Newspaper headlines: EU 'dismisses' backstop alternatives and Thomas Cook 'on brink'

The plight of Thomas Cook features prominently in the day's papers, with the Daily Express calling the travel firm's plea for a state bailout a "desperate bid" to avoid collapse and the loss of 9,000 British jobs.

It reports that the pilots' union Balpa has accused RBS of undermining a possible rescue deal. Balpa says it is "appalling" that a taxpayer-funded bank has behaved in such a way, demanding £200m.

The Times reports the government is poised to reject the request for emergency funding, amid concern at the travel company's longer-term viability.

The Sun claims hundreds of call centre staff have been secretly hired to bring home thousands of stranded travellers if the firm goes bust.

According to the i weekend, it would mean Britain's largest peacetime repatriation at a cost of up to £600m.

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The Daily Telegraph leads on the leaked EU memo which it says dismissed Boris Johnson's alternatives to the Irish backstop - and "appeared to jeopardise" a Brexit deal. Officials were cited as calling the proposals a "backward step".

But even if a Brexit agreement could be reached with the EU, Labour would block it, according to the Daily Mirror. In an interview with the paper the shadow chancellor John McDonnell says any deal is likely to fall short of Labour demands, so the party will try to force an election.

His cabinet colleague Emily Thornberry tells the Guardian that Labour should back a Tory Brexit deal in exchange for the promise of a referendum.

The Labour Party's attempt to scrap the deputy leader post held by Tom Watson came too late for most of the first editions.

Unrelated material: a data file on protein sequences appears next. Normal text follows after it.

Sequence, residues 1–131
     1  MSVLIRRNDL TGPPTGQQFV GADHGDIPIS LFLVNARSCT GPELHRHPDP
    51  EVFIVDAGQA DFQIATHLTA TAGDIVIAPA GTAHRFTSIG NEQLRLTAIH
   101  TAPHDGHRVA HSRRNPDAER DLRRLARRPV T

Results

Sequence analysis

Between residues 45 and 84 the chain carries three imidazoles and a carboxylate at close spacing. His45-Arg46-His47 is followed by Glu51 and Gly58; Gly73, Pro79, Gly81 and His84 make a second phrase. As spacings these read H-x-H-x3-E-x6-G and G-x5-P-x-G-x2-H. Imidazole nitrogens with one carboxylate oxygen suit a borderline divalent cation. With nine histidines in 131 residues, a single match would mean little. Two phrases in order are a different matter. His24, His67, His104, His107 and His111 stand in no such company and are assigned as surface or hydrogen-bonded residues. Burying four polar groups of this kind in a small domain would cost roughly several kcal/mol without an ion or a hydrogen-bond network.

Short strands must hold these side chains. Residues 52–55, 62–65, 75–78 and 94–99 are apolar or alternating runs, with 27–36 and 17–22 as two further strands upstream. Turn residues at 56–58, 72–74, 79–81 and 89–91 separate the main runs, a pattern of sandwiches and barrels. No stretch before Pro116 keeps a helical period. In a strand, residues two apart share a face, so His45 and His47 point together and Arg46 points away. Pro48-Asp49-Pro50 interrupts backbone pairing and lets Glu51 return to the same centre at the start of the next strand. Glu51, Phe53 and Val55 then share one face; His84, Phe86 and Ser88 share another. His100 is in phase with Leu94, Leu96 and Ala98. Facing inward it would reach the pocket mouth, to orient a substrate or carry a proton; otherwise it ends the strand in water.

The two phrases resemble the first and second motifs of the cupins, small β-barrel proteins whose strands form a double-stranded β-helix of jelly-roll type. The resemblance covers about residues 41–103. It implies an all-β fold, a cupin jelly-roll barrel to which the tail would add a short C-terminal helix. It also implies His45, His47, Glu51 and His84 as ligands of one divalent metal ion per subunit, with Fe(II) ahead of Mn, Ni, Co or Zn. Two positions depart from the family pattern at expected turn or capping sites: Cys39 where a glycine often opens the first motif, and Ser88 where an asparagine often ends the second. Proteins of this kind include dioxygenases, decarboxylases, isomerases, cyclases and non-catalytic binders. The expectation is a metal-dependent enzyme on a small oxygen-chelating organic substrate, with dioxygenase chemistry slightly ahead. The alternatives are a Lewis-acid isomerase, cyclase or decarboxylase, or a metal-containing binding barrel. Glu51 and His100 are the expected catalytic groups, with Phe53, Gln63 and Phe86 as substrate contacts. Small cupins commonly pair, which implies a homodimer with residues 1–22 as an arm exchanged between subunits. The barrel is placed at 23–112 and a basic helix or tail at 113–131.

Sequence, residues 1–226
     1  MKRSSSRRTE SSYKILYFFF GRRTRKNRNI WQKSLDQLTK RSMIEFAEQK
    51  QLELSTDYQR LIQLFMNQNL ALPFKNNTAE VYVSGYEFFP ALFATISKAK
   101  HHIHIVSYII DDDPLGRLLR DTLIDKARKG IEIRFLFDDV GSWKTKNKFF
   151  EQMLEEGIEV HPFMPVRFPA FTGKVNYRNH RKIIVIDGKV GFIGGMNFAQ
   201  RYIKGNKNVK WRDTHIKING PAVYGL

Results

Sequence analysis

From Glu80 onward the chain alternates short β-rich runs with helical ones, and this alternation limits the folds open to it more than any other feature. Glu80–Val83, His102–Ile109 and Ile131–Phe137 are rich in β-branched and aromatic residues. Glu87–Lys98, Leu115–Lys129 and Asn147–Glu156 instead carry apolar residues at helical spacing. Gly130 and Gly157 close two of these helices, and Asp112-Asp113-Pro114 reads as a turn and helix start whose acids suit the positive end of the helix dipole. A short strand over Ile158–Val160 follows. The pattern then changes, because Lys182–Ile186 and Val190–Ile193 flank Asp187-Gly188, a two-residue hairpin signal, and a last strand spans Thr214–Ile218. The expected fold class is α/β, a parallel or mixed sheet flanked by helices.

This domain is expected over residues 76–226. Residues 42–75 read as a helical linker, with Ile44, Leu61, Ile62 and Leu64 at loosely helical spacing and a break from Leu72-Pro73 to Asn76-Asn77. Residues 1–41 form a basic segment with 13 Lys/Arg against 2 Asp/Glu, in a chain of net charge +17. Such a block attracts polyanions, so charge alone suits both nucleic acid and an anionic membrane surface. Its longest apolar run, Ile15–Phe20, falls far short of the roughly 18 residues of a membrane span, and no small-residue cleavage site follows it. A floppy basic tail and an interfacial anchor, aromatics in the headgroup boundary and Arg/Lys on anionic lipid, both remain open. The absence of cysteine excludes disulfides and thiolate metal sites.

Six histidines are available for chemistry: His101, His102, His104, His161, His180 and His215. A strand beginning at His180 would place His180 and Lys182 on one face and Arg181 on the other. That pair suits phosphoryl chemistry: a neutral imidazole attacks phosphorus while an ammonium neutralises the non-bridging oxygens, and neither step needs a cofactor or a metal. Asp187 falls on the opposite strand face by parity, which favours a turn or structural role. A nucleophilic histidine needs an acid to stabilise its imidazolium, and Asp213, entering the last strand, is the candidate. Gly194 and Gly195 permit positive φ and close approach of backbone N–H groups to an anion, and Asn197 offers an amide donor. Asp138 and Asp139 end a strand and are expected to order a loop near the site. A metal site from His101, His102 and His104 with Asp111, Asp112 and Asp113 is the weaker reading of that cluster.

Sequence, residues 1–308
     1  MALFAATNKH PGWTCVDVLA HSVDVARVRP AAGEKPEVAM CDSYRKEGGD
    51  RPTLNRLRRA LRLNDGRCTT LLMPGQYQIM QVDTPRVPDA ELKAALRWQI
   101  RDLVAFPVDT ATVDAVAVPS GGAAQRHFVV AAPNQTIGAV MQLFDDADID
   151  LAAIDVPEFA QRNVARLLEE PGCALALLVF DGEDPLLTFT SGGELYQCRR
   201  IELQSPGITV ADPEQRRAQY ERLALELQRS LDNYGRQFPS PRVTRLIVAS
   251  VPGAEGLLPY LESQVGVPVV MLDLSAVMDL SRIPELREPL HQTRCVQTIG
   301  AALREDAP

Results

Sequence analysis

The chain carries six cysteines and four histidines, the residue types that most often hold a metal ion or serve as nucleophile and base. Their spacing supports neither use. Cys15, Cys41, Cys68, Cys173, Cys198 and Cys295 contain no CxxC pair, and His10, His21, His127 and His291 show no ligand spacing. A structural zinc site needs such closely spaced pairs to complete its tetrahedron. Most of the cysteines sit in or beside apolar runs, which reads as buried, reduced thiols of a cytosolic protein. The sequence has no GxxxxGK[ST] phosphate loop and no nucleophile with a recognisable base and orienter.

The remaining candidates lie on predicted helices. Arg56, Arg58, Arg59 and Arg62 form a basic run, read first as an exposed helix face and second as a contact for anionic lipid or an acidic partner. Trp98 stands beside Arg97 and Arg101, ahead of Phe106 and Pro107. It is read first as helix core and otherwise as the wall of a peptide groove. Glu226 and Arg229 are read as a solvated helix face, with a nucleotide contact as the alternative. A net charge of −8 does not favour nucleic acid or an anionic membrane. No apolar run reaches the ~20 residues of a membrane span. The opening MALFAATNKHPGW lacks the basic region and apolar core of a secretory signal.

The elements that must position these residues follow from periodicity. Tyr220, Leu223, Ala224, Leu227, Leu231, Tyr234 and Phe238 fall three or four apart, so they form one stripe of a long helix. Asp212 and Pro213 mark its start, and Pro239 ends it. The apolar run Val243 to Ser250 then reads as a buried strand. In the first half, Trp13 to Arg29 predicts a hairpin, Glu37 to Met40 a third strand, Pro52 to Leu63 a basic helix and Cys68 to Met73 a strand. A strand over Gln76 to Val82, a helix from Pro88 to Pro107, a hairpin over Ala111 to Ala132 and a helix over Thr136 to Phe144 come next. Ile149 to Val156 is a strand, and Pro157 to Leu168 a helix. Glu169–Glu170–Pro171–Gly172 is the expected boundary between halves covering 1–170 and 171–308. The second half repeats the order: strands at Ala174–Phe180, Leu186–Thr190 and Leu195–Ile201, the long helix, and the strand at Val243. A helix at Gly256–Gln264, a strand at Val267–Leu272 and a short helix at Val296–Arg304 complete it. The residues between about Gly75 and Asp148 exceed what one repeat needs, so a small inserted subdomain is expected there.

Huffpost UK says the move by the Momentum founder Jon Lansman has "dramatically reignited" Labour's civil war.

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Image caption Sandy Cortmann was 22 the last time he parachuted over Arnhem

The Daily Telegraph is among the papers picturing a 97-year-old veteran who is joining a mass parachute jump over Arnhem in the Netherlands to mark the 75th anniversary of Operation Market Garden.

Sandy Cortmann, who was 22 when he went into battle in 1944, tells the paper he was "absolutely terrified". He was taken prisoner by the Germans after what was then the largest airborne operation in history.

The Daily Mail leads with highly critical comments about the BBC, made by John Humphrys in a new book.

The paper highlights his claims of "institutional liberal bias" and a "Kremlin-style" corporation that is out of touch.

In what the Mail calls "an explosive memoir", the 76-year-old says he is "now free of the 'BBC Thought Police'" which he says are in hock to the "politically correct brigade".

Humphrys, who left the Today programme two days ago, does also say that the BBC is a "tremendous and irreplaceable force for good".

'Death bots'

Computer experts are close to developing a way of speaking to loved ones from beyond the grave, according to the Times.

The so-called "death bots" work in a similar way to Amazon's Alexa, using voice recordings made by clients before they die.

Voice files can be accessed by smart speakers or phones - and apparently hundreds of people have joined a waiting list for the Californian company "Here After".

The paper's editorial argues the technology can afford simple comfort for grieving relatives and should be celebrated for maintaining a connection across the generations.